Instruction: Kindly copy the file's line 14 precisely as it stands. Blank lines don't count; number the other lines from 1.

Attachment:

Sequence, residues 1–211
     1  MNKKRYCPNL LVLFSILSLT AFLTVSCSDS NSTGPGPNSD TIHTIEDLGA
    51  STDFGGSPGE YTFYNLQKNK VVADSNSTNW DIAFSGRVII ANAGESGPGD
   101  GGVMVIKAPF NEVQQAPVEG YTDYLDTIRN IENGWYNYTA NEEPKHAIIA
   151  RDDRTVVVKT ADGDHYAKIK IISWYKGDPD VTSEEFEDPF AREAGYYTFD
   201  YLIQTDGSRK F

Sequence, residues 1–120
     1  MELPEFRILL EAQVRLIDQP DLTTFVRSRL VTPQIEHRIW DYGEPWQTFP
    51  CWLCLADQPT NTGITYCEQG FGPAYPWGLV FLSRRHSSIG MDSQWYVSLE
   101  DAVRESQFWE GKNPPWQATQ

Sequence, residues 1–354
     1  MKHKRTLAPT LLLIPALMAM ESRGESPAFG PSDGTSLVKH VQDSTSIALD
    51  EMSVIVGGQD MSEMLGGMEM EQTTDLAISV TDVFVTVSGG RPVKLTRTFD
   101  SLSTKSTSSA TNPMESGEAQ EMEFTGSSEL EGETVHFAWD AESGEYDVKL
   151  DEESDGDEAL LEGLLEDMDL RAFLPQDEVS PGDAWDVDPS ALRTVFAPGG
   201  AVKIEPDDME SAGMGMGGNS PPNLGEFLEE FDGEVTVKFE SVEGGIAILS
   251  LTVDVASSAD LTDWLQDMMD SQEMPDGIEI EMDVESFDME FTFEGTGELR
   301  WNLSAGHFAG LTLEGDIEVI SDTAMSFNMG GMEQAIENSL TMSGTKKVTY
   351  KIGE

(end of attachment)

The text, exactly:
   101  SLSTKSTSSA TNPMESGEAQ EMEFTGSSEL EGETVHFAWD AESGEYDVKL